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5 Biggest Tips for Relationships with Clinical Trial Sites

1. Always know who is responsible for what task on the study

There is usually a designated main point of contact for the study and it is best to find out at the SIV if all communication should go directly through this person or if it’s preferred that the monitor directly contact the individual responsible for any particular task. Smaller sites tend to have one person who does everything for the trial. Larger sites with more studies will have designated staff for; sample processing, data entry, regulatory management, and patient interactions.

When communicating with a PI, find out if they prefer direct contact on an as needed basis or contact through appointments. When communicating through their administrative assistant, the PI should always be included.

2. Plan ahead and stay flexible

Monitors have the luxury of anticipating their schedule ahead of time. Often site visits are booked months in advanced and they rarely get the “Surprise, you have more work to finish by 5:00 PM”. Unlike site staff, who’s routine work can be frequently perturbed, for example when a trial patient suddenly crashes, requiring urgent actions and additional paper work.

With the COVID19 pandemic, there is added stress put on site staff, who try their best to follow study protocols while also following the continuously dynamic workplace. This reality means that sites have to take extra steps, learn new SOPs, and may not be on site daily. Documents may take longer than usual to get signed, queries may sit unanswered for a little longer.

Even outside of pandemic times, one site coordinator may have up to 12 studies to manage and one PI may have 20 studies to oversee. It is important for monitors to give site personnel ample lead time to complete tasks, with timely reminders for important tasks that requiring completion by an agreed upon, pre-set due date.

3. Find effective methods of communication that work best for your site

It is so important to understand the PI’s communication pattern. Some sites prefer to communicate exclusively through email and some sites prefer telephone. Different PI’s have different communication styles. Between taking care of patients and overseeing study staff, emails can quickly get lost in the shuffle of daily life at a site. For PI’s who are not responsive to emails, it is often best when something important arises to book an appointment for a call through their administrative assistant. Or to ensure the message gets through, to communicate instead directly with the study coordinator. Keeping in touch with the PI can be challenging and yet so important to maintain proper trial oversight by keeping them up-to-date.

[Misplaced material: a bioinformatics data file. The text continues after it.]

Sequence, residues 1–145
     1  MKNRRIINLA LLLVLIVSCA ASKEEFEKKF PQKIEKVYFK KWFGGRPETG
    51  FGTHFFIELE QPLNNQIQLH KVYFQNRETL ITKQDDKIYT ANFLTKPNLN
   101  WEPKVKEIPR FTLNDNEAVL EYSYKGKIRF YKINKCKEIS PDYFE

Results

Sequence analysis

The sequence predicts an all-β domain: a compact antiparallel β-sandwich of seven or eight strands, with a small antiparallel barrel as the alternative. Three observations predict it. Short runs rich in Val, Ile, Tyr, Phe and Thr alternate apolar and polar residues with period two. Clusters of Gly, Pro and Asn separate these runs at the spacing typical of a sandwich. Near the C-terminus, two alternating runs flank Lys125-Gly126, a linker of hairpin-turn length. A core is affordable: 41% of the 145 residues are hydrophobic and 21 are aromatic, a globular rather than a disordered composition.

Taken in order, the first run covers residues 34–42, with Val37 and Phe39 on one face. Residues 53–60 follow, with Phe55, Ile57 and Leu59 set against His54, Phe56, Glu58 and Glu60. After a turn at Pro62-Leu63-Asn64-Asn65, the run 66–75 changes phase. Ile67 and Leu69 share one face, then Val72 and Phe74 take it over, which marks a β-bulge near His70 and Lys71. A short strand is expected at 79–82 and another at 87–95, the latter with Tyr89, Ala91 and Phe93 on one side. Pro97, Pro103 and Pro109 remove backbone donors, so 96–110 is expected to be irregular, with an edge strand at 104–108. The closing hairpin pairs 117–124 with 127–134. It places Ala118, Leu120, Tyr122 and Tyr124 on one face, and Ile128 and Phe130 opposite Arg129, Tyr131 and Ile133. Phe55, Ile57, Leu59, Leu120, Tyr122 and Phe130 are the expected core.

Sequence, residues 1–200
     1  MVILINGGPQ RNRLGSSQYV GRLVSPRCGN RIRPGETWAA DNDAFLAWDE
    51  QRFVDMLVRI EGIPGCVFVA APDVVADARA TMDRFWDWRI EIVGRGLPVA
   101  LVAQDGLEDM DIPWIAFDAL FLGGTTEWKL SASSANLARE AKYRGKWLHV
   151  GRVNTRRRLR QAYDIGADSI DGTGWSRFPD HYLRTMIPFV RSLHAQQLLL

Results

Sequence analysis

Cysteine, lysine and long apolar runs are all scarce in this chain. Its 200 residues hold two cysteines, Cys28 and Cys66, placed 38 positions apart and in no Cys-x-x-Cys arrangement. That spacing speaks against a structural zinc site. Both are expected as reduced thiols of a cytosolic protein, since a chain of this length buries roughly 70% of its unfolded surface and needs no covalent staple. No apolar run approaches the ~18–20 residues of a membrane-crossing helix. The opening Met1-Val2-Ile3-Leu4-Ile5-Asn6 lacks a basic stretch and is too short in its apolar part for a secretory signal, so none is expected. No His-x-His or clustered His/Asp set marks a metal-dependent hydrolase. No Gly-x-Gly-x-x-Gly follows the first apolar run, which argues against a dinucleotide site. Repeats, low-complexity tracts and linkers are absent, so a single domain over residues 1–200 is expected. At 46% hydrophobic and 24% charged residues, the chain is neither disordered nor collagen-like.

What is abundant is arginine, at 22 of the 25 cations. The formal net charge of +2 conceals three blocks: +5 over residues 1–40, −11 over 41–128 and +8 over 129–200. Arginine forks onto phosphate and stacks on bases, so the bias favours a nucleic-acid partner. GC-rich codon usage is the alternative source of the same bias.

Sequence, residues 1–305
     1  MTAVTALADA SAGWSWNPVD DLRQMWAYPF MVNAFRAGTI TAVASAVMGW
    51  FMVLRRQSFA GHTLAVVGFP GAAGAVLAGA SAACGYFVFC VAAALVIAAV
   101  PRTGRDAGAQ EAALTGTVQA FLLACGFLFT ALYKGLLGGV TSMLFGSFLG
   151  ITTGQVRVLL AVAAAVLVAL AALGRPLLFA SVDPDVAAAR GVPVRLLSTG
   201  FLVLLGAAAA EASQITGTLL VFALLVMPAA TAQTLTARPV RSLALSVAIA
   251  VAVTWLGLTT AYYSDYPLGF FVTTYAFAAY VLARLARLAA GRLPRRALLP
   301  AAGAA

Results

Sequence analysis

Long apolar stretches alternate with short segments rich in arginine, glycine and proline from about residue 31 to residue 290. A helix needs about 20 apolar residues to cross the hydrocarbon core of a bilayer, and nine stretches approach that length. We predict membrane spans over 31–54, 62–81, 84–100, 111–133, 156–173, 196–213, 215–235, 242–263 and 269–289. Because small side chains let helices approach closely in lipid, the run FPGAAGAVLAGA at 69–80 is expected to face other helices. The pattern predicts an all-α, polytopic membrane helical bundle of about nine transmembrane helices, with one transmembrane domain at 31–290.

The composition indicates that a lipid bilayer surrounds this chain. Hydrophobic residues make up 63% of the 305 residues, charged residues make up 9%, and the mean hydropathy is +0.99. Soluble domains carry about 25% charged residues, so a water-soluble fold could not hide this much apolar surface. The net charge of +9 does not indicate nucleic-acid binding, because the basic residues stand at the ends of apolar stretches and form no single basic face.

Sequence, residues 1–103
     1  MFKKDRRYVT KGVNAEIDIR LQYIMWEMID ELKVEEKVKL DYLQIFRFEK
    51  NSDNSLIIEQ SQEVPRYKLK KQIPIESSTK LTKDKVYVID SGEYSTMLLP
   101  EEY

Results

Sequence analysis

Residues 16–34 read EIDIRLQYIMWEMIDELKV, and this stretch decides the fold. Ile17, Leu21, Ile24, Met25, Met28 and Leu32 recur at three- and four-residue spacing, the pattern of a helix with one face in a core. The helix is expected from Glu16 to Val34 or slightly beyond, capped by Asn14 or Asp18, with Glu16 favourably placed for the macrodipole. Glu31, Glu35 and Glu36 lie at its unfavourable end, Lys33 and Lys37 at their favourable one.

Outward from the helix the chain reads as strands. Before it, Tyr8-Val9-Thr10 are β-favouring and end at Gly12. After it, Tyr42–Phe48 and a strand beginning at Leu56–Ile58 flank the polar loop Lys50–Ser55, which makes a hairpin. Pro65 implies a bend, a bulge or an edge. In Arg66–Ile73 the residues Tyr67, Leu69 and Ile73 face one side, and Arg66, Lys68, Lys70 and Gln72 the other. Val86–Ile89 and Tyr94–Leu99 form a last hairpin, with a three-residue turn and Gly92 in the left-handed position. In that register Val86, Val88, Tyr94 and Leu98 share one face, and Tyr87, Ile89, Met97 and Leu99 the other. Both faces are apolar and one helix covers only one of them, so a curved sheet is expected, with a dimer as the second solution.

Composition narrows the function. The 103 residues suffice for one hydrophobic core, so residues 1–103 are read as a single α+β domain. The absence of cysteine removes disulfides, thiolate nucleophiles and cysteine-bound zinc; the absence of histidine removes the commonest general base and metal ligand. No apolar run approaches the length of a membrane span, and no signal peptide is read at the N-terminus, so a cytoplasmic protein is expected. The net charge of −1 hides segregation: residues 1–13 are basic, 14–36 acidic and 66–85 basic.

4. Find common interests

Getting to know your site staff and finding a topic of conversation outside of that of the trial will make monitoring easier and more pleasant. Common interests like pets or favorite vacation spots can become conversation touch stones. Site personnel are more likely to remember a monitor when they feel a more personal connection with them. This human touch can help encourage speedier study task completion, and quicker responses to emails.

5. Be kind

Business experts understand the value of kindness at work. An article in The Harvard Business Review states that “Higher rates of [kindness] were predictive of productivity, efficiency, and lower turnover rates. When leaders and employees act kindly towards each other, they facilitate a culture of collaboration and innovation.”  Another article from states that: “76% of people who experienced empathy from their leaders reported they were engaged compared with only 32% who experienced less empathy.”

Although the monitor is the leader and expert on the trial, monitors/CROs and the site staff work together in parallel and as a team. Often it may feel like the monitor is pointing out all of the site’s mistakes and this can cause a rift in the relationship between CRA and site staff. The monitor must always be careful not to use accusatory language. A great way of doing this is by stating that the monitor themselves may have missed something, instead of telling the site staff that they missed it. This empathic approach to communicating fosters an open conversation and leads to a swifter resolution of any issues that arise.

Did you Know?

Scimega clinical trial start-up times are 50% faster than the North American average, with premium quality data, and trial sites that are often among top enrollers in our Sponsors’ global oncology studies. Scimega consistently delivers expertise in oncology clinical trial services with a strategic focus on Sponsor program success. This caliber of performance holds true in the pre-pandemic, the new and the next normal context of oncology clinical research.

Contributed by: Lisa Ye, M.D., B.Sc., Clinical Research Associate

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